A Very Murray Christmas is not your average holiday film. Starring Bill Murray, it's directed by Sofia Coppola and co-written and produced with Mitch Glazer — reuniting the trifecta for the first time since Lost in Translation. Taking inspiration from 1970s TV variety specials, the film boasts classic musical numbers and an all-star cast, including George Clooney, Miley Cyrus and the New York Dolls' David Johansen. Filmed at New York City's historic Café Carlyle, the romantic atmosphere radiates with holiday spirit. TIME caught up with Coppola to discuss the film's cast, working with Bill Murray,and how Paul McCartney almost ended up in the film.
TIME: What made you want to do this project?
Sofia Coppola: I always like to see Bill [Murray] sing. Mitch [Glazer, writer-producer], Bill and I were talking about how I wanted him to sing at the Café Carlyle, and they were kind of working on a TV idea, and that turned into doing a holiday special. But just out of loving to see Bill and doing something musical around the holiday, to do something joyful.
You had Bill Murray down from the start, how did the rest of the casting come about?
Mitch, Bill and I got together and went to Charleston, where Bill was, and talked about how to put this all together and who we wanted to have in it. As we talked about ideas, we thought of who we’d love to work with and people we admire. I love Chris Rock and I knew he was friends with Bill, so I asked, “Can we call him?” Bill had ideas of people he wanted to work with and it just came together with who was game and who we admired.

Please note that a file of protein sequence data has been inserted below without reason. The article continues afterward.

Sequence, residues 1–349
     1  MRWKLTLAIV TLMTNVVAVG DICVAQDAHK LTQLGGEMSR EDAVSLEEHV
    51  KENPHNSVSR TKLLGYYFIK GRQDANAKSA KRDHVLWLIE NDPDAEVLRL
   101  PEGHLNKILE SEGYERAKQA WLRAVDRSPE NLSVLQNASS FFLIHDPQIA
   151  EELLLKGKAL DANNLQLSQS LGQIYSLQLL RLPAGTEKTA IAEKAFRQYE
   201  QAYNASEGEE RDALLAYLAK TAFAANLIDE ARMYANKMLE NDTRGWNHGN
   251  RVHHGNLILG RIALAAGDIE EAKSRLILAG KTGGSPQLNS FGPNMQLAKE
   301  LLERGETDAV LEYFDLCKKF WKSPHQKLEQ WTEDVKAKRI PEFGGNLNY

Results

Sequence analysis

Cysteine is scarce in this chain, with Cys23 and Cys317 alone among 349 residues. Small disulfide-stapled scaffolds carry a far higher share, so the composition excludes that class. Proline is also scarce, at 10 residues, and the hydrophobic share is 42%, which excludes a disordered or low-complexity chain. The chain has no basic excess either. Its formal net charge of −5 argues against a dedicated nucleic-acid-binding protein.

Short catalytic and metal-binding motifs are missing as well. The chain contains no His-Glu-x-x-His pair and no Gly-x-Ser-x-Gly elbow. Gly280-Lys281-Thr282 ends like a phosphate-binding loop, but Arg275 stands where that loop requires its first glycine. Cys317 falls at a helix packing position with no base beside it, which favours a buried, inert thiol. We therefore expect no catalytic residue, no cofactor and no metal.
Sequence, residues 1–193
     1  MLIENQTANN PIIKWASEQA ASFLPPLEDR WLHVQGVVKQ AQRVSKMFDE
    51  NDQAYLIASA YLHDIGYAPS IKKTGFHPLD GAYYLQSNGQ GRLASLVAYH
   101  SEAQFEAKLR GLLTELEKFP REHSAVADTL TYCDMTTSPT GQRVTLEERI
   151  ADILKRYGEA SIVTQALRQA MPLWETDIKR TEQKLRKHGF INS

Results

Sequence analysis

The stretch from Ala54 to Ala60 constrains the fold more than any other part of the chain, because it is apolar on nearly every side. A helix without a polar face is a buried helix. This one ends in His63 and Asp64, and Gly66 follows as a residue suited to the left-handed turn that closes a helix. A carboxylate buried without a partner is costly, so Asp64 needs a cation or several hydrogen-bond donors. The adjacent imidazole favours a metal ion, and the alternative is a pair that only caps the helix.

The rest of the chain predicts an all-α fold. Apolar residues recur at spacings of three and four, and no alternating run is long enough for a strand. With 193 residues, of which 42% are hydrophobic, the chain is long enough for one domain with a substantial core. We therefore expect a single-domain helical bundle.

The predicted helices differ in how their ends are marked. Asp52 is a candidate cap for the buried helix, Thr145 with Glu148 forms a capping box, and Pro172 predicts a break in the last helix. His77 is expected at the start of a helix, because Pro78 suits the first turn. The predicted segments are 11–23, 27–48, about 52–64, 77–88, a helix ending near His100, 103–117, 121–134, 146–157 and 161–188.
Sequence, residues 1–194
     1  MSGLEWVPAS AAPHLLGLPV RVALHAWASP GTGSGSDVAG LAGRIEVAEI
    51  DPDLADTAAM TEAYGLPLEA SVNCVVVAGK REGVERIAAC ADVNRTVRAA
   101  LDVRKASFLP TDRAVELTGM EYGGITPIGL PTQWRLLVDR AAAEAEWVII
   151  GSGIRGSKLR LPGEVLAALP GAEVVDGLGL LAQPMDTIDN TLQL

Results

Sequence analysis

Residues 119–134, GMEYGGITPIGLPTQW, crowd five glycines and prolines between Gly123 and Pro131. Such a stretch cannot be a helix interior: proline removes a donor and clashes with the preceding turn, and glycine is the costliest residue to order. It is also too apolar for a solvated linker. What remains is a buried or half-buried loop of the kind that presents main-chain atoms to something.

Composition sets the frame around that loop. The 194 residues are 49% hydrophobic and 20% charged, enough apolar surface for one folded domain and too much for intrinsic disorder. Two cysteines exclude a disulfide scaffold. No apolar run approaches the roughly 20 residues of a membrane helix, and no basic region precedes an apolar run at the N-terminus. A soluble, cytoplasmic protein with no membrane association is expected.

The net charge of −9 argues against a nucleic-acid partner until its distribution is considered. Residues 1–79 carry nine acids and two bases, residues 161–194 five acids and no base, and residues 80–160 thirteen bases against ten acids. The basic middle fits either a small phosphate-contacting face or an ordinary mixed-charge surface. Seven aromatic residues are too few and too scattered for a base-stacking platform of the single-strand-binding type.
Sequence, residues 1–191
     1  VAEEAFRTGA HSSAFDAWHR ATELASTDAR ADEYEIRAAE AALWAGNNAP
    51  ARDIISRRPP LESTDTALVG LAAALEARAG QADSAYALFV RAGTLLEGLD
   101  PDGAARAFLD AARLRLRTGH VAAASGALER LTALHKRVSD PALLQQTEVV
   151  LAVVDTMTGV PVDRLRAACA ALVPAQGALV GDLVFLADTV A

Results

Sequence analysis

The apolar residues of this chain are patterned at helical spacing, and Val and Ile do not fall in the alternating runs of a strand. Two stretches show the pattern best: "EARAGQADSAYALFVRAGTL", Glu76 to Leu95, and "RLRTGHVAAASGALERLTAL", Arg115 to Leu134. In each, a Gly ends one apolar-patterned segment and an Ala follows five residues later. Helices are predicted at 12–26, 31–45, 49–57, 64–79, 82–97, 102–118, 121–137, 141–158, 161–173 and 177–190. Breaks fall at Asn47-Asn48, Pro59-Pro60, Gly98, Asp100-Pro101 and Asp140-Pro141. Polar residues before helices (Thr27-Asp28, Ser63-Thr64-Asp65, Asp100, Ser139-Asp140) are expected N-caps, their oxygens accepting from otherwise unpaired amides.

How long did shooting take?
We shot it in about four-and-a-half days, so it was a scramble of when people were available and when we could shoot in our location. Luckily it came together enough where we could make a show out of it.
With such a quick shoot time, how did that affect the creative process?
I think there was a nice energy to it, because you’re all kind of scrambling to make something and I think when you have a short amount of time, you have to be creative because you have to find solutions . It just has an energy to it. I guess from doing so many shows, Paul Shaffer was such a pro, he was able to put the musical numbers together without a lot of rehearsal. Just with everyone being gung-ho, you focus and you’re working like crazy, but it’s a short amount of time and you can collapse after. Also my brother Roman had experience with multi-cameras, so we were shooting with multi-cameras, which I’ve never done before, more like live TV, which helped us to be spontaneous. Bill and a lot of the cast were such great improvisers, so we were able to have that be a part of it.
How did you want to make this different than other Christmas films?
It was coming out of the tradition of those TV variety shows, which didn’t have a lot of logic to them. They were just kind of getting people together to sing holiday songs and have that Christmas motif, so we wanted to do it in that tradition, but have a little bit of a story and kind of do our version of that.
How was directing this different from other films you’ve done?
I never did anything like this, I guess the biggest difference for me was doing musical numbers, which I’ve never done and shooting with multi-cameras. Every time you do something, you learn something. For me, the biggest challenge was doing the live musical numbers, we were recording live.